Potential missed opportunity for Wales

Posted on by karen.smith

Arwyn Watkins - Chief Executive NTfW

On the run up to the National Training Federation for Wales’ annual conference at the Celtic Manor Resort on October 18, chief executive Arwyn Watkins speaks about a contentious issue dominating the thoughts of work-based learning providers.

Potential missed opportunity for Wales

Many readers will be aware that the Education (Wales) Bill is currently working its way through the National Assembly for Wales with the intention of being in place by 2015. We believe work-based learning providers should have a major say in this new legislation, which has big implications for the future of the education and training workforce in Wales.

The Welsh Government has expressed a desire to achieve parity of esteem between academic and vocational learning routes going forward, which was also a theme in the Review of Qualifications 14-19 in Wales. Yet work-based learning is not named as a sector in this Bill, which is huge wasted opportunity to hammer home that parity of esteem message. To say we are disappointed would be a gross understatement.

Key legislation in the Bill relates to the creation of an Education Workforce Council – replacing the General Teaching Council Wales – to register and regulate teachers and the wider workforce. Another area of interest is post-16 assessment of educational and training needs and specialist further education.

Parity of esteem has remained the Holy Grail for the Federation since it was formed. Whereas work-based learning was nobody’s business 12 years ago, it is now everybody’s business and, to use the Swansea City and Cardiff City analogy, we are now in the premier league. The level of success that work-based learning providers have delivered has certainly contributed to the promotion of the NTfW to the higher echelons of policy and debate on education and skills.

The challenge for us as providers, just like Swansea and Cardiff, is to maintain our place in the premier league and all the evidence demonstrates that we are up for it. We have proven that we have the skills and expertise to turn a policy statement into a deliverable solution and we have a professional workforce built on a genuine commitment to the highest standards and continual professional development.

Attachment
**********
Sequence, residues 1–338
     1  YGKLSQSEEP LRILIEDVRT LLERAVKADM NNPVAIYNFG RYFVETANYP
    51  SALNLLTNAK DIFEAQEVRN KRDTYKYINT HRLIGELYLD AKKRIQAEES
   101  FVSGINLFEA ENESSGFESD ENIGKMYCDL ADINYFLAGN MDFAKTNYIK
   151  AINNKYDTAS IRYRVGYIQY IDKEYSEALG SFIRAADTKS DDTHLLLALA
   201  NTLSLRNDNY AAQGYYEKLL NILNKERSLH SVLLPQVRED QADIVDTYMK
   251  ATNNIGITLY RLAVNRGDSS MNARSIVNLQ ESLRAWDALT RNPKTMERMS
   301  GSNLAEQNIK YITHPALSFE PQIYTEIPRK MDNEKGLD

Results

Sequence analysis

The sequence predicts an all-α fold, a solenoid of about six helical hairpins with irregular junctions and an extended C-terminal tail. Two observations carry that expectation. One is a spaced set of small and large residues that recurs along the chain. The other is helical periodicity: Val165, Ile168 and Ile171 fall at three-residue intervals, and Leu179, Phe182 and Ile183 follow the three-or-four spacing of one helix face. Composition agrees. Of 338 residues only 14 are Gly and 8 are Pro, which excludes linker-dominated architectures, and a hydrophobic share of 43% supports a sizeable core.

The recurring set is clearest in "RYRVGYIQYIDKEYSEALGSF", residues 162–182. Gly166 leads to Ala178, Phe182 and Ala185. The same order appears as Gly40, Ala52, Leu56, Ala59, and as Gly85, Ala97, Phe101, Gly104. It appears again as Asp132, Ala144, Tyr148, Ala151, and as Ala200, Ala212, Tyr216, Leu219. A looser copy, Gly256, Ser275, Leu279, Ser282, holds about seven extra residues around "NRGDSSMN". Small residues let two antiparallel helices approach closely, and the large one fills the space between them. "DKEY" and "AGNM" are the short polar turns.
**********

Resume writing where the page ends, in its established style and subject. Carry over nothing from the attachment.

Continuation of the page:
The Federation has actively invested time and effort in consulting members about professionalising the workforce and even ran a workshop at last year’s annual conference, which received overwhelming support.

What sort of message, therefore, is the Welsh Government’s snub of work-based learning in the drafting of the Bill sending out? I was heartened to read responses by Estyn and ColegauCymru to the scrutiny of the Bill. Estyn states: “All learners and parents need to have confidence in a highly skilled and well regulated workforce. The proposed functions for the Education Workforce Council would enable them to promote high standards of professional conduct and analyse data related to workforce planning and contribute to CPD.

“We welcome the future council’s involvement in these areas across a wide range of professionals, notably in the further education sector, with the potential for widening the range beyond that to include workers in work-based learning and the youth service. The introduction of this legislation should contribute to improving standards of professional conduct among the education workforce. The registration of full-time staff in further education institutions would give parity of esteem with academic staff in schools and help to achieve equity for staff from all sectors who work in the 14-19 phase.”

And so say all of us! The NTfW says this needs to happen now for our professional workforce. In the future is too late and will continue to have a negative impact on parity of esteem.

The Federation has contributed written evidence to the Children and Young People Committee, which is scrutinising the Bill and we hope to be invited to give verbal evidence. In our response we simply expressed our disappointment and highlighted the missed opportunity for Wales and its aspirations on skills.

Work-based learning needs to be on the face of this bill and not an afterthought following the establishment of the Education Workforce Council. We will continue to press on this very important matter as the Bill goes through its scrutiny phase up until November 20.

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